Montana Hospitals

In Montana, the Attorney General is responsible both for monitoring nonprofit corporations and for protecting the interests of those served by a nonprofit corporation. Thus, the Attorney General is responsible for monitoring nonprofit hospitals and their foundations, and ensuring that the hospitals are fulfilling their charitable obligations.

The report is an annual assessment of the charitable purposes of the largest nonprofit hospitals and foundations in our state. Beginning in 2010, the report began examining  smaller, critical access hospitals in the state.

All of these nonprofit hospitals are public benefit corporations under Montana law. They exist only to serve their communities, not to make money. Because of this, they have been given tax exempt status — a status that saves them tens of millions of dollars annually. These hospitals have a duty to provide community benefits to the areas they serve. Charity care — free or discounted services to those living below or near the federally established poverty level — is the most significant community benefit nonprofit hospitals provide. It is in the interest of all hospitals to ensure that all qualified patients are provided charity care rather than incurring bad debts.

On August 16, 2012, the Attorney General’s Office released the fifth hospital report — showing that, among other things, applications for charity care have steadily increased, even as approval rate to receive charity care has dropped. Yet hospital spending on charity care is up 70 percent in inflation-adjusted dollars since 2006. The 2012 report examines 10 large Montana hospitals and 12 smaller hospitals, as well as hospital foundations.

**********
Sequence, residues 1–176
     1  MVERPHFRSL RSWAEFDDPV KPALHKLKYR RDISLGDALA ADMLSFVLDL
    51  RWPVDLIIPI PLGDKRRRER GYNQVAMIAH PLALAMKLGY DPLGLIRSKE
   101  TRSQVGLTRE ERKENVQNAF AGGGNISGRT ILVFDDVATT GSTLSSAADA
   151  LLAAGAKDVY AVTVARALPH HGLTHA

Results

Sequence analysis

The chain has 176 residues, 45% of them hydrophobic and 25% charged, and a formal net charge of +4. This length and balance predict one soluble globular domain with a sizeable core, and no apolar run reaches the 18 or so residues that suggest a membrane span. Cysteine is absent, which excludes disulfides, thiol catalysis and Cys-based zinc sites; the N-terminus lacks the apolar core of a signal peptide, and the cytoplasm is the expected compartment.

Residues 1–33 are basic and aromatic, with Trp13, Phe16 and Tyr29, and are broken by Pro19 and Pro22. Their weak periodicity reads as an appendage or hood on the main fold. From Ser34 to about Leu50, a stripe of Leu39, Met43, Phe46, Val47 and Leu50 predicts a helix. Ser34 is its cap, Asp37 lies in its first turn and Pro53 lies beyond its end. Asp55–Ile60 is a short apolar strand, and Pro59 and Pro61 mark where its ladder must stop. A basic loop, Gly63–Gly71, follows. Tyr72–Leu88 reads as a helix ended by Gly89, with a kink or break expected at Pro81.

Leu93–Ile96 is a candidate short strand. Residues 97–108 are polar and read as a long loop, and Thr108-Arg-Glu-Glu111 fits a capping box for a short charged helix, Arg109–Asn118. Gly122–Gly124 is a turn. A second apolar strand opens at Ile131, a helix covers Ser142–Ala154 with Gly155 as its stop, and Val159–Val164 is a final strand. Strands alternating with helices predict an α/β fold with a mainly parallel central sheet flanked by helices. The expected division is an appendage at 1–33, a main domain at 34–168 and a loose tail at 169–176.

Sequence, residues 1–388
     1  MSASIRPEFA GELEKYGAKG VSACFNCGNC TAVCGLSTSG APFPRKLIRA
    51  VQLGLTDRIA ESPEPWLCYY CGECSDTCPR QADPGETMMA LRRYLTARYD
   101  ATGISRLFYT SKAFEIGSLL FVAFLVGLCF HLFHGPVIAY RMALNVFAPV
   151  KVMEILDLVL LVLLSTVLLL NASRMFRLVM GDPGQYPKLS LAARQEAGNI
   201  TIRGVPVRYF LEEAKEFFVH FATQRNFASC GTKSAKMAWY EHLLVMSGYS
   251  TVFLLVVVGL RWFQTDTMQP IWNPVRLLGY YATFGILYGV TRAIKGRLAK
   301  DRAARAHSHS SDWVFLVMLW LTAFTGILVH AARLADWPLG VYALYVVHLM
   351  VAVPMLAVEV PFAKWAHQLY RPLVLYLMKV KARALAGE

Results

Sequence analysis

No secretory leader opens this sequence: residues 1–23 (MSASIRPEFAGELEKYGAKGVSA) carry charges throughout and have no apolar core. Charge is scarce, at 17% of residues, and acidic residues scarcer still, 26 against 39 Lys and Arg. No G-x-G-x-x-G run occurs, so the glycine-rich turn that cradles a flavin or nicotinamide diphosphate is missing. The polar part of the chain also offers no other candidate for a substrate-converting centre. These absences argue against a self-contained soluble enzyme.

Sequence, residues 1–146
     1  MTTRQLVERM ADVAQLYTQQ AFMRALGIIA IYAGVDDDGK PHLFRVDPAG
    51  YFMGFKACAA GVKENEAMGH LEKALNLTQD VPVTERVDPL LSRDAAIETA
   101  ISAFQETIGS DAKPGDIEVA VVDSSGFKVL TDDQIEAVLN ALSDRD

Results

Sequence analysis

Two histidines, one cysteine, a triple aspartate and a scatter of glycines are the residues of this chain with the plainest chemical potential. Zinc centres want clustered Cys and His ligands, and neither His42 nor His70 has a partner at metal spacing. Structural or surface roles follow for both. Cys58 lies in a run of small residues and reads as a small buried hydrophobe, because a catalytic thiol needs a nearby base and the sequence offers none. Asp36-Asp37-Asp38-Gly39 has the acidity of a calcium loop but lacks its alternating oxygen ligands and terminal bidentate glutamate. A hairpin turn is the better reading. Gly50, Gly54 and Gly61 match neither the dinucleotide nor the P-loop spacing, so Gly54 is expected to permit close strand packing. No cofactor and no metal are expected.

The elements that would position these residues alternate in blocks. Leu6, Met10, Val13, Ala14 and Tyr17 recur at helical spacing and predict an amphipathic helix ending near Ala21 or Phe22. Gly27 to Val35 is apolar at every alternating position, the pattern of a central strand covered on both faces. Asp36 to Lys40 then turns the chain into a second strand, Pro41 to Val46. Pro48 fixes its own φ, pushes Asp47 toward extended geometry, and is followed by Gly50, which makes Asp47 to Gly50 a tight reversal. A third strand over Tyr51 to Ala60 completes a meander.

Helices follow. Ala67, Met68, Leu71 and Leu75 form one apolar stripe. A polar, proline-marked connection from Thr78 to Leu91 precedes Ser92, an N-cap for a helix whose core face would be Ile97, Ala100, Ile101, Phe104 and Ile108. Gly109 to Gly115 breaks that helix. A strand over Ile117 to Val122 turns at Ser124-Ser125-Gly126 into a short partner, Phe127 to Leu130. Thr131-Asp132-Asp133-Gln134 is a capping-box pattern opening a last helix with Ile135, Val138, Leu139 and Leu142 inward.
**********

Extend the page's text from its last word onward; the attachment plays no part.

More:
About the Montana Hospitals Survey

The Montana Attorney General’s Office is charged with protecting consumers from unfair trade practices. The office is also responsible for supervising nonprofit corporations in the state, including all major Montana hospitals. Under the hospitals’ tax-exempt status, they receive millions of dollars in tax benefits from federal, state and local governments in return for the charity care and community benefits they provide.

In September 2006, the Attorney General’s Office began surveying hospital policies in three areas:

  • pricing policies, including variations related to insurance coverage,
  • charity care policies and practices, and
  • debt collection practices.

The wealth of information provided by Montana’s hospitals was analyzed by Lawrence White, a research assistant professor with the School of Public and Community Health Sciences at the University of Montana and former CEO of St. Patrick Hospital in Missoula.

White’s reports provide an independent analysis of the data collected.

Read the Reports Online

Copies of each report are available for download below.

Great Falls Hospital Merger

Under Montana law, health care facilities that wish to merge must apply for a certificate of public advantage (COPA) if they wish to be immune from federal antitrust laws. The Department of Justice is responsible for reviewing proposed mergers and either granting or denying the merger and supervising the merged entity in accordance with Section 50-4-603of the Montana Code Annotated.The department reviews three factors – health care costs, access to health care services and quality of health care services – in its consideration of proposed mergers. If a proposed merger results in lower health care costs, improved access to health care or greater quality of care than would occur without a merger, the department must issue a certificate. If the criteria are not met, the department must deny the merger application.The department is also authorized to impose specific conditions on a COPA to guard against any potential abuse of power resulting from reduced competition and to ensure the objectives of the merger are met.Termination Date – Through Senate Bill 323 (PDF), the 2007 Legislature amended the law by providing that:

  • a certificate of public advantage must terminate 10 years from the date it was issued, and
  • for two years immediately following the termination of a COPA, the prior certificate holder must file an annual report with the department.

These amendments were applied retroactively to the Great Falls Hospital merger, thereby terminating the 1996 COPA on July 9, 2006.

In October 1995, Great Falls’ Montana Deaconess Medical Center and Columbus Hospital proposed a merger and in July 1996, the Department of Justice issued the COPA. The order allowing the merger and significant documents related to the post-merger supervision are available below.